Researchers have argued that the level of reliability of the research method used should be evidence by the consistency of the answer a participant gives every time when asked during the research process. To ensure this reliability is achieved, the researcher will design the questions are simple and easy to understand by having the words carefully selected. The validity of a research instrument indicates if it measures what it is supposed to measure (ibid) and if the collected information really reflects the phenomenon that is studied (Veal 1997). Finally, the representativeness of a research’s results indicates to what extent these results can be generalised (Finn et al. 2000), by asking if the data and the research methods, together with conclusions derived from data analysis, are broader in their application than the sample of respondents studied (Clark et al. 2002). To ensure the reliability of the results, special care was taken to ensure that the questions were clear and easy to answer.

Where needed, certain concepts (such as what is meant with centralisation or open and closed offices) were explained to ensure that there could be no mistake to what was meant. Most questions were closed in the sense that choices were pre-printed with the opportunity to add specifications.
Concerning the validity of the results, it can be said that the indicators that were identified as representing the dimensions of organisational structure, were derived from indications in the literature towards what aspects in organisations are the explicit products of the implicit values of the culture from the country or region in which the organisation is situated. Therefore, it is believed that the method of measurement is valid for this kind of, explorative, research. Hofstede (1998) indicated already that it is not necessary to have a representative sample of the population when doing comparative national studies as long as the sample is matched.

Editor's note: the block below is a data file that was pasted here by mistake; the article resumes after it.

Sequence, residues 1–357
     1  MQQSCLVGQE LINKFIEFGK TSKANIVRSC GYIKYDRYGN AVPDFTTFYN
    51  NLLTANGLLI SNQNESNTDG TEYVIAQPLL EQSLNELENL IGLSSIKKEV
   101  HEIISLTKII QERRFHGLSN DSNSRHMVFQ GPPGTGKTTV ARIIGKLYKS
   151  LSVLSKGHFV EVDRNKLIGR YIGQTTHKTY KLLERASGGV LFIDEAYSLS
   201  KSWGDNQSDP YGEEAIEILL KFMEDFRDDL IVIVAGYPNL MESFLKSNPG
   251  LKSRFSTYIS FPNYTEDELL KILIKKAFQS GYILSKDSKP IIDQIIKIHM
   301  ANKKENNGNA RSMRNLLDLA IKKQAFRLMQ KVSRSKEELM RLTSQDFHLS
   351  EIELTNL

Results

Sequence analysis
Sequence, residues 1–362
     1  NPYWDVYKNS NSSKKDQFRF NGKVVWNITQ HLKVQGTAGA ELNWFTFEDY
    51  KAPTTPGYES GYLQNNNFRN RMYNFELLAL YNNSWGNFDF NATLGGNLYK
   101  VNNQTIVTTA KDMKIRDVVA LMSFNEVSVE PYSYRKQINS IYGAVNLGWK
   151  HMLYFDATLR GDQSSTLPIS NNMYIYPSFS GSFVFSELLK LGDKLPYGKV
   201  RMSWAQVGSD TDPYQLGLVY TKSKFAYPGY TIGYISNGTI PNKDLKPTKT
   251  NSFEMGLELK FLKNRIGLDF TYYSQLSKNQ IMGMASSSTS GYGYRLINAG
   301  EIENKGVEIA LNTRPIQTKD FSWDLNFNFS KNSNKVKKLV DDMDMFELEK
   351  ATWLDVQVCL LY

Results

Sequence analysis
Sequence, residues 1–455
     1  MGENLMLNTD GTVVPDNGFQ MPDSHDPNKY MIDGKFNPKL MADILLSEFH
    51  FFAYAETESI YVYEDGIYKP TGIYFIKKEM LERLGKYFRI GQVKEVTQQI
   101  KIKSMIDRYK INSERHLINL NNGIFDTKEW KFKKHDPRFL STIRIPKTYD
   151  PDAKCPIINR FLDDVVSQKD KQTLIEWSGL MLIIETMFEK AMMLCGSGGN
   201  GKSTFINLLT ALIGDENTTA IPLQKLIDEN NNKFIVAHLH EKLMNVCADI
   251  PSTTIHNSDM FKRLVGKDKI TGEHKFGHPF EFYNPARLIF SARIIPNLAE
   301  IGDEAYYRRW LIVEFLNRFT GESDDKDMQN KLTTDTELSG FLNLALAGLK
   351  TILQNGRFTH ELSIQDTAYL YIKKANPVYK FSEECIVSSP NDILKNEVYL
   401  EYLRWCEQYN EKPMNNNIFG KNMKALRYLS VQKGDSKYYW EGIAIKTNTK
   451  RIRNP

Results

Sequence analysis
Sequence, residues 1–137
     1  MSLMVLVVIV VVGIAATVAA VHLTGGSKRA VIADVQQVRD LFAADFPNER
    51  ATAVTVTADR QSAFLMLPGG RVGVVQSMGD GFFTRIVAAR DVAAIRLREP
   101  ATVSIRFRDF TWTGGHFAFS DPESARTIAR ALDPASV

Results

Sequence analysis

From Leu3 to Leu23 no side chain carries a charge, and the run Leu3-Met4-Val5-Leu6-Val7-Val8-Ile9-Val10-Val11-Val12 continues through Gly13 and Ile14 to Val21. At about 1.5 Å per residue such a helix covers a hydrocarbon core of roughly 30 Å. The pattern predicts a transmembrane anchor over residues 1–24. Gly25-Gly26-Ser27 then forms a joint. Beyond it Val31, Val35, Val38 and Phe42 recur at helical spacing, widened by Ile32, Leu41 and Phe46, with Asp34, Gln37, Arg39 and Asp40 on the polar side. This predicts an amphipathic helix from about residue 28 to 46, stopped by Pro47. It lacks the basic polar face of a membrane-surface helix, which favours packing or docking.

Questionnaire Description
The questionnaires consisted of fourteen questions in five categories: general questions; questions related to the hierarchy in the organisation; questions related to centralisation; questions related to the existence of status symbols; and questions about the degree of formalisation and standardisation.
Data Analysis Technique
Therefore, no use has been made of established analysis methods but each questionnaire was regarded as a separate unit.

Ethical Considerations
Research attributes ethics as the standards of conduct that have to be implemented in a study to prevent violation of the laws (Resnik, 2011). Various reasons are given for the importance of adhering to the ethical rules and regulations in research study. To begin with, ethics promotes the successful completion of the research project, including the key aims. This is because it prevents errors and promotes transparency in the whole process of the study. Ethical considerations will lead to prevention of false information that may be given by the participants who may intentionally fabricate data and eventually misrepresent the findings. The ethical considerations also promote the development of core values like trust, transparency and accountability that eventually boost the nature of research work that has a collaborative approach.